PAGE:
29.10.12

GREEN-NINETEEN.

Signal calling has sure changed.  Once upon a time, TWO-EIGHTY-SIX-HUT-HUT was an audible, and THREE-FORTY-ONE-HUT was not.  Whatever current Packer quarterback Aaron Rodgers is doing along with his normal signal call confuses defenses, and the team practices recognizing free plays and exploiting them.
Those plays look chaotic and frantic, but they’re actually well-rehearsed.

It starts with the quarterback’s snap count, and Rodgers is one of the best at varying his cadence when he’s not using a silent count. As soon as a defensive player enters the neutral zone, which is defined as the space between the points of the ball, the rest of the offensive players are allowed to move. If the center snaps the ball before the defensive player encroaches and makes contact with an offensive player, a free play ensues.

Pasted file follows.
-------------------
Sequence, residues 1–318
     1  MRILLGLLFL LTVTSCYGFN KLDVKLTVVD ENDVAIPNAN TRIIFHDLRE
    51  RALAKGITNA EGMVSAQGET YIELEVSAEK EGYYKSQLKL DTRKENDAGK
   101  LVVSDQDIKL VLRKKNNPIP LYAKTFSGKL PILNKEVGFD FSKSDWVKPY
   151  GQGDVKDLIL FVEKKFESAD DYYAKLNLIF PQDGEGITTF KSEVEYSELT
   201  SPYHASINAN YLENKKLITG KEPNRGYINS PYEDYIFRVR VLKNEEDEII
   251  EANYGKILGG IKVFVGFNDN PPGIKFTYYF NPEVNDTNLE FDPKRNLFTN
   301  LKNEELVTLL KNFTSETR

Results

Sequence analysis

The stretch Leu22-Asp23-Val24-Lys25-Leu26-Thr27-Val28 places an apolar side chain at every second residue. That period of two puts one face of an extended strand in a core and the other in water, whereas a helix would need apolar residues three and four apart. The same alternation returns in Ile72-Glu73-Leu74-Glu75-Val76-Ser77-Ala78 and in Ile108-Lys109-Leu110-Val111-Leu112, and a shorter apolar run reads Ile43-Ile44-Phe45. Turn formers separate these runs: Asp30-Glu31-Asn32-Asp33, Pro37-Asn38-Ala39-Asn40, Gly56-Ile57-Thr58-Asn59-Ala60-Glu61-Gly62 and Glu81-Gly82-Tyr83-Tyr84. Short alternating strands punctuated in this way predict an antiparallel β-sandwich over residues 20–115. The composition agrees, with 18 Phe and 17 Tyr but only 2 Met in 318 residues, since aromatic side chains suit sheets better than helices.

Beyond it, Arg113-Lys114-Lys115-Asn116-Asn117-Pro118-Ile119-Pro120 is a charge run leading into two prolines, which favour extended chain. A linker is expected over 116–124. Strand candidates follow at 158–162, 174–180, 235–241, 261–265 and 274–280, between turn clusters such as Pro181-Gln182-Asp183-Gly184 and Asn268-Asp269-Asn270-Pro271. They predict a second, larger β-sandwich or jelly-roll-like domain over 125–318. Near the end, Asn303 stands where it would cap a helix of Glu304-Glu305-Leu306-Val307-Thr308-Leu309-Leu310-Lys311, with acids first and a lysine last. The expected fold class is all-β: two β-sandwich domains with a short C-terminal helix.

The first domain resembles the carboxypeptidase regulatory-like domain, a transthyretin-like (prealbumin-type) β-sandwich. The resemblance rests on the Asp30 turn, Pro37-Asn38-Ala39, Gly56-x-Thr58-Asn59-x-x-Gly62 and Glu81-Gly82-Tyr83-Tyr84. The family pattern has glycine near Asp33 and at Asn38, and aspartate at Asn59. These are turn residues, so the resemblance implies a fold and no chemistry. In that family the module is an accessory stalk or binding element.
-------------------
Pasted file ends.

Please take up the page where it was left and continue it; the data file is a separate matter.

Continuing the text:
“We work on it all the time in practice,” Packers offensive coordinator Tom Clements said. “It’s not something that just happens in the game. We’re constantly using the cadence to our advantage and if they jump off, we try to get a play, a free play.”
Packer defensive coordinator Dom Capers equates going for six on an encroachment to playing with house money.

In the most recent game, the Packers didn't get any free-play touchdowns, although the punt return team got a shorthanded punt block, and Aaron Rodgers moved ahead of Bart Starr in touchdown passes.  There's still something of the playing to the level of your opponent in the Packers, and the coach plans to work on that.

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